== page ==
Big Bird: Transformers for Longer Sequences


Instead of using attention on all tokens in an input sequence, for a token t in the input sequence, only attend to some local tokens, some special global tokens {looks like just the first few tokens in the sequence}, and some random tokens as well. This allows for very long input sequences.


The paper "Big Bird: Transformers for Longer Sequences" by Manzil Zaheer et al. was published by Google Research in 2020. It introduces a new transformer architecture called BigBird, which can handle much longer sequences than the typical transformer models such as BERT or GPT. This new architecture alleviates the quadratic dependency on input length in Transformer attention mechanisms, which has previously limited their ability to process long sequences.


Standard Transformers suffer from a quadratic complexity issue due to the full self-attention mechanism. Specifically, for a sequence of length (n), the self-attention mechanism computes a dot product between each pair of tokens in the sequence, leading to a complexity of (O(n^2)). This makes it computationally inefficient for longer sequences.

BigBird Model

BigBird modifies the standard Transformer model by using a sparse attention mechanism. Instead of having each token attend to every other token in the sequence, each token in BigBird attends to a fixed number of tokens. This results in a significantly reduced complexity of (O(n)), making it feasible to process longer sequences.

The sparsity pattern of BigBird's attention mechanism is designed in such a way that it includes the following types of attention:

  1. Local Attention: Each token attends to its neighboring tokens. This helps the model capture local dependencies in the sequence.
  2. Global Attention: Each token also attends to a fixed set of global tokens that are common for all tokens. This helps the model capture important global context that is relevant to all tokens.
  3. Random Attention: Each token attends to a set of random tokens. This helps the model capture long-range dependencies in the sequence that cannot be captured by local or global attention.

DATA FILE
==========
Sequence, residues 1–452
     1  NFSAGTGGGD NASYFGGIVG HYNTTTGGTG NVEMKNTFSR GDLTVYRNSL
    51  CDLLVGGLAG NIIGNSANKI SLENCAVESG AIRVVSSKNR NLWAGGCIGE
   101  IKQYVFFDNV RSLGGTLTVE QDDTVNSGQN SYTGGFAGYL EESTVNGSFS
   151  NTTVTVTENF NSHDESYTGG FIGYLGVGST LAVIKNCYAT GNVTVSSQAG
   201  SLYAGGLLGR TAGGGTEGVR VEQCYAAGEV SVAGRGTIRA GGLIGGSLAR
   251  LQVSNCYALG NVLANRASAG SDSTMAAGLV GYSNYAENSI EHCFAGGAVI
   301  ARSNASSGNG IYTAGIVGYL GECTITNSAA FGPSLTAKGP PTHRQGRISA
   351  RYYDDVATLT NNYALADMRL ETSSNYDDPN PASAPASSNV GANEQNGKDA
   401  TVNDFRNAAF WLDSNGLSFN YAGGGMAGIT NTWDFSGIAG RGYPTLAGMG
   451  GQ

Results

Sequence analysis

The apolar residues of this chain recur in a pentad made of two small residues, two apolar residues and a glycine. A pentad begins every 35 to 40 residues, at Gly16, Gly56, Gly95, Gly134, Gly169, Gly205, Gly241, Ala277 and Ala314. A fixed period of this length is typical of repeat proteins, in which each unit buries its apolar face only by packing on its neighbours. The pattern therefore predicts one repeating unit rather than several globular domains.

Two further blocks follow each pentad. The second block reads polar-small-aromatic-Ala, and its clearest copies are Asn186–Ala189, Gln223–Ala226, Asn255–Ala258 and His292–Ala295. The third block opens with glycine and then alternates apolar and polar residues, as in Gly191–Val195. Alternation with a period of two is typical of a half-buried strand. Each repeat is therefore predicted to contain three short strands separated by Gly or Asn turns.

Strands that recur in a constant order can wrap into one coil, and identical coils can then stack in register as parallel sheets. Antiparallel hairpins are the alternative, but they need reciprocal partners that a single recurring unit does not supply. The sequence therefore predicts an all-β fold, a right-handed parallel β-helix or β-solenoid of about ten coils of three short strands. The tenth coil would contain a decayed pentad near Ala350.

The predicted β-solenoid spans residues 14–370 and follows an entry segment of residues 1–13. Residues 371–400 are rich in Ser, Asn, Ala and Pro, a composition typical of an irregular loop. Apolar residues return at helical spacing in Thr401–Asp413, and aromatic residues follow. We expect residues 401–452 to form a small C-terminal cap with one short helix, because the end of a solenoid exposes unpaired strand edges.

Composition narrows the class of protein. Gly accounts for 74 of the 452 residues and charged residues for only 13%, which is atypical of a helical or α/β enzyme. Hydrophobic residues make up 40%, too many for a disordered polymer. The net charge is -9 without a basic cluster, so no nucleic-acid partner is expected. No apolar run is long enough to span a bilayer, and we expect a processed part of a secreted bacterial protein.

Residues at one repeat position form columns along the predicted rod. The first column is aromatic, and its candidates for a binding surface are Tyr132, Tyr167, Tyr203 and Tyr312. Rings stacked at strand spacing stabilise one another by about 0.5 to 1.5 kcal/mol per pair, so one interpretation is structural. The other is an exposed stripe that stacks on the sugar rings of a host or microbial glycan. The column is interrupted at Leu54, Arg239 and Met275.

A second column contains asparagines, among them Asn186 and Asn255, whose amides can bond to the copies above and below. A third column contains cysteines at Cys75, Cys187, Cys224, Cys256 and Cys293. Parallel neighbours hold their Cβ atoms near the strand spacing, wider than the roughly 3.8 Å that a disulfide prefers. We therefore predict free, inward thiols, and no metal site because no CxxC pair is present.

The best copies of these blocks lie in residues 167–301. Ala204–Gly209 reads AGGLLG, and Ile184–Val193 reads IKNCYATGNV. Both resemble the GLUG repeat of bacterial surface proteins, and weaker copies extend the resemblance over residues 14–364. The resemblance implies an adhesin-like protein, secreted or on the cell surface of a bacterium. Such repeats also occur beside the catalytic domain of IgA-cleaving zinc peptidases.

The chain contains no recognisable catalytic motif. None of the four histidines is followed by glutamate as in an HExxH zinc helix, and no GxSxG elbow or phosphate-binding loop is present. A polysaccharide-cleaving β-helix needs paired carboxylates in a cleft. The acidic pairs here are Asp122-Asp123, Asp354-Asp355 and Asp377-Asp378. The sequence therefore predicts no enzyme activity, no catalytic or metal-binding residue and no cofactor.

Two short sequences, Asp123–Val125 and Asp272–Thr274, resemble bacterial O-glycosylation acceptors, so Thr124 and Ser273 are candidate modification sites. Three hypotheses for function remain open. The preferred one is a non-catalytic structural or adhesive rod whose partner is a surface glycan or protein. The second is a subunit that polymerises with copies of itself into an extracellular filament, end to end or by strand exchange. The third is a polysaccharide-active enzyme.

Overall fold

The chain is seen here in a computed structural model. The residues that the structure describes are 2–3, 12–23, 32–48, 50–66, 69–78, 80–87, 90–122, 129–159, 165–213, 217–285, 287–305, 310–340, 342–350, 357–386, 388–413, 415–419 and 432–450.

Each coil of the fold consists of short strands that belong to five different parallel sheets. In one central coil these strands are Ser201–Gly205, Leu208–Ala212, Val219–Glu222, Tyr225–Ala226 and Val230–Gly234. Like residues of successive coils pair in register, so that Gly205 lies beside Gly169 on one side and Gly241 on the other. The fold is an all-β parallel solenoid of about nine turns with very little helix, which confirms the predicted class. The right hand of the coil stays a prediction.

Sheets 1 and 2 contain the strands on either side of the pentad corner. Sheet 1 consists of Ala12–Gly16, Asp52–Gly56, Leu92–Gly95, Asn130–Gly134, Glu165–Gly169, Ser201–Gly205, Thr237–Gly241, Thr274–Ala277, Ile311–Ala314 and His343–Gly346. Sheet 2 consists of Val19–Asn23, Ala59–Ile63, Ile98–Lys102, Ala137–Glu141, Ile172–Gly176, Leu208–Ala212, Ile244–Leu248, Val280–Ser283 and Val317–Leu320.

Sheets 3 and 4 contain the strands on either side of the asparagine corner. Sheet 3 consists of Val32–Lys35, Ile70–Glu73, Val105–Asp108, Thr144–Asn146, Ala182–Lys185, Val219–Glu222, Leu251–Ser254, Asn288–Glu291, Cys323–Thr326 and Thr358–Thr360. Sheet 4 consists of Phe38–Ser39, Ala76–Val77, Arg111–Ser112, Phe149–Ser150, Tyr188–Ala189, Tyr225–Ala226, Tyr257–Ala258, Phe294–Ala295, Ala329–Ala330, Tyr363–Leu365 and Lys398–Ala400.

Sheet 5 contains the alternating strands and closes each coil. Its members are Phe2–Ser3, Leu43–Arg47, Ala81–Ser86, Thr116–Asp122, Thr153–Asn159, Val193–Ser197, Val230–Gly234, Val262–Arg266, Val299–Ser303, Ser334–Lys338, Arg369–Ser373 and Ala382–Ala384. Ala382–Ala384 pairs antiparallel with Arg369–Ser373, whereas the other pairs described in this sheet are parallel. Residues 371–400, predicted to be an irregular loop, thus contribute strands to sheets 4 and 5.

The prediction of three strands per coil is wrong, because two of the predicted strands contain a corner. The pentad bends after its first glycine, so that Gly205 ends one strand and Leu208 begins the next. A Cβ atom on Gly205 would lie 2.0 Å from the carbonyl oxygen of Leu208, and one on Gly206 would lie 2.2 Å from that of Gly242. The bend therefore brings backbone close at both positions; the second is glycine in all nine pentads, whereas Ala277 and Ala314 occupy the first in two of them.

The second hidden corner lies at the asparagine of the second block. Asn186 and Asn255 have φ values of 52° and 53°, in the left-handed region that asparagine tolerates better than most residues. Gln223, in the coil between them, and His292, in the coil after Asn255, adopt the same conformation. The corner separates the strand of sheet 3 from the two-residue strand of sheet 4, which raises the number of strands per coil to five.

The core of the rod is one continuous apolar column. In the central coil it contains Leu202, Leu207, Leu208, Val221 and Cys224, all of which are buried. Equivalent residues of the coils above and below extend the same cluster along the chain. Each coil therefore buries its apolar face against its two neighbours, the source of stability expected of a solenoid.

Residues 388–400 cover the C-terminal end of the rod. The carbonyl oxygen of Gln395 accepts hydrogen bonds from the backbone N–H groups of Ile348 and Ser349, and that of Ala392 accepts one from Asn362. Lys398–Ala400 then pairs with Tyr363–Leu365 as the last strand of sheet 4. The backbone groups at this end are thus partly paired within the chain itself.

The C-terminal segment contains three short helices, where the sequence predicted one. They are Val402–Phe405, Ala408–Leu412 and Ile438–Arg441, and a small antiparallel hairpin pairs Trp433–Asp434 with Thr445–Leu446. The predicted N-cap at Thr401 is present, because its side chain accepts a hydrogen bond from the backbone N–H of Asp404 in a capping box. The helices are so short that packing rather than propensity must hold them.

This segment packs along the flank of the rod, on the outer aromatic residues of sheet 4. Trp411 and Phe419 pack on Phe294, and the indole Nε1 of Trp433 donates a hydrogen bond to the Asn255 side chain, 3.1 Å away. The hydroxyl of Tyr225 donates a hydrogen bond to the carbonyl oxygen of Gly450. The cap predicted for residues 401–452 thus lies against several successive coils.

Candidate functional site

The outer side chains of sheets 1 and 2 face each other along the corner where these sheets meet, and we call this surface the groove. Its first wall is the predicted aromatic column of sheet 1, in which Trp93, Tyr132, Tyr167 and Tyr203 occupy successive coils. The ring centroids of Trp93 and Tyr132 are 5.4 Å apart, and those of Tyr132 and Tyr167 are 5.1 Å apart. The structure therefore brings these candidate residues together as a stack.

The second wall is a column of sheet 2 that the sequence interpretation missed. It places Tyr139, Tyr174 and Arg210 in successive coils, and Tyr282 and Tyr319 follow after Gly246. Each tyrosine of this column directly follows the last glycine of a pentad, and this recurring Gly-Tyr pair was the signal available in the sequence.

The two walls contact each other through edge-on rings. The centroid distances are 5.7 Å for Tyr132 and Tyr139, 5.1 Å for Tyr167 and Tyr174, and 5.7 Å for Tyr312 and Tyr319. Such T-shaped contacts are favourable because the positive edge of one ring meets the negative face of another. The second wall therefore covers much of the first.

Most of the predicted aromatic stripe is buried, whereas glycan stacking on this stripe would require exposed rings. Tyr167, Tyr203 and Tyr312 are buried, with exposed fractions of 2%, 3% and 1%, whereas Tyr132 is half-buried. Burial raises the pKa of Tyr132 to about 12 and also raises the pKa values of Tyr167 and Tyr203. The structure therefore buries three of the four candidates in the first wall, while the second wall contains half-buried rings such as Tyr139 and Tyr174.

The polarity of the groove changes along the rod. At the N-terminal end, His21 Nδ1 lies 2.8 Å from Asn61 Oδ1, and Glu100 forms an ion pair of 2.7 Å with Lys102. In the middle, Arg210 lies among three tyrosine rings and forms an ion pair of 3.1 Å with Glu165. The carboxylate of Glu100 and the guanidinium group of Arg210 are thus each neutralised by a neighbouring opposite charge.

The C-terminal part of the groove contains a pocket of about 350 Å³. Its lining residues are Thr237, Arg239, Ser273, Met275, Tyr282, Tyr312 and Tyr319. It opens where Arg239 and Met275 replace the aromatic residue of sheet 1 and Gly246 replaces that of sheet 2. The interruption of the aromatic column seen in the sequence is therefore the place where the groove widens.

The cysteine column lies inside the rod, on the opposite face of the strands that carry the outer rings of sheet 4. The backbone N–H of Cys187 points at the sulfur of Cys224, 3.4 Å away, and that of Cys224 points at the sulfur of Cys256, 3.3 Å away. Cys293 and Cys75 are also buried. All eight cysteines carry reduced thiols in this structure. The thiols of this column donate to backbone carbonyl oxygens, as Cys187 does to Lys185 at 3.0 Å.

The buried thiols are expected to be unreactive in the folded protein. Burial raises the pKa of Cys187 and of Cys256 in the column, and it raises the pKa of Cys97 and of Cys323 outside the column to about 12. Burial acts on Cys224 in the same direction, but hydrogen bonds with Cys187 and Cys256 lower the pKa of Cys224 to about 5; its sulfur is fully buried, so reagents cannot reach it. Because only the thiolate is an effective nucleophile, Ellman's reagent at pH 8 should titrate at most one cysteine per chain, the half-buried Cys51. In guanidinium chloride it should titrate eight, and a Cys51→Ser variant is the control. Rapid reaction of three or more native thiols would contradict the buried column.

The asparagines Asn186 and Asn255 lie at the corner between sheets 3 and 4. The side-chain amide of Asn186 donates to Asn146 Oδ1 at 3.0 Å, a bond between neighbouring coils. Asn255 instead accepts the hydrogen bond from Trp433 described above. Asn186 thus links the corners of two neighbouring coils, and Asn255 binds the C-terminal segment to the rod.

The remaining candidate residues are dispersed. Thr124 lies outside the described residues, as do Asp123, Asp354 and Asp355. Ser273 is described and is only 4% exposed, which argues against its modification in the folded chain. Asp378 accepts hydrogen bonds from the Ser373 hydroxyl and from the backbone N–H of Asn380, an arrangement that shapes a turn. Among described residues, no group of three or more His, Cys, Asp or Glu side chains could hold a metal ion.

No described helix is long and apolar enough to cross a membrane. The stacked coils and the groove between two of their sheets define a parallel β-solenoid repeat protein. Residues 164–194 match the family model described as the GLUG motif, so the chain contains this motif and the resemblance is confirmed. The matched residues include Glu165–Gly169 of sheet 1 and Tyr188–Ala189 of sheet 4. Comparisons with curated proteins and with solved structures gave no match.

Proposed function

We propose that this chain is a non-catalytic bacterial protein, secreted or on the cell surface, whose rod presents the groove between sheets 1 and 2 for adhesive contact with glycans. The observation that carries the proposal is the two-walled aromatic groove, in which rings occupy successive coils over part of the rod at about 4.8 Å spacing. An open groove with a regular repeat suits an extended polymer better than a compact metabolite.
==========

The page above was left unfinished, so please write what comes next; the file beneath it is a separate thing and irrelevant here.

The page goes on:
This pattern can be visualized as follows: Big Bird Attention Pattern

Mathematical Formulation

The standard Transformer computes the self-attention as follows:

[ A = \text{softmax}\left(\frac{QK^T}{\sqrt{d}}\right)V ]

where (Q), (K), and (V) are the query, key, and value matrices, and (d) is the dimension of the query and key vectors.

In contrast, BigBird computes the self-attention as follows:

[ A = \text{softmax}\left(\frac{QK_{\text{BB}}^T}{\sqrt{d}}\right)V_{\text{BB}} ]

where (K_{\text{BB}}) and (V_{\text{BB}}) are the key and value matrices for the BigBird attention pattern. They are computed by concatenating the key and value vectors for the local, global, and random tokens.


The authors of the paper tested BigBird on a variety of tasks and found that it outperformed other models on long-sequence tasks. They also found that it was competitive with other models on standard benchmark tasks, demonstrating its versatility.


The BigBird model has significant implications for the field of natural language processing. It enables the processing of longer sequences, which can be beneficial for many applications such as document summarization, long-form question answering, and other tasks that require understanding of long sequences of text.

It also demonstrates that sparse attention mechanisms can be as effective as full self-attention mechanisms, which challenges the conventional wisdom in the field. This opens up new possibilities for designing more efficient Transformer models.

How does the model choose which global tokens to attend to?

In the BigBird model, the global tokens are predefined and fixed throughout the sequence. They do not change dynamically based on the input sequence.

The authors of the BigBird paper propose to select the first few tokens of the sequence as the global tokens. The intuition behind this is that the beginning of the sequence often contains important information that should be attended to by all other tokens. For example, in a document, the title and introductory paragraph often summarize the main points of the entire document.

By having each token attend to these global tokens, the model can effectively propagate this important global context throughout the sequence. This allows each token to not only understand its local context, but also relate it to the global context of the sequence.

The number of global tokens is a hyperparameter that needs to be chosen based on the specific task and dataset. The authors found that having a small fraction of the sequence length as global tokens (e.g., 2-10%) worked well in their experiments.

Tags: transformers, Big Bird
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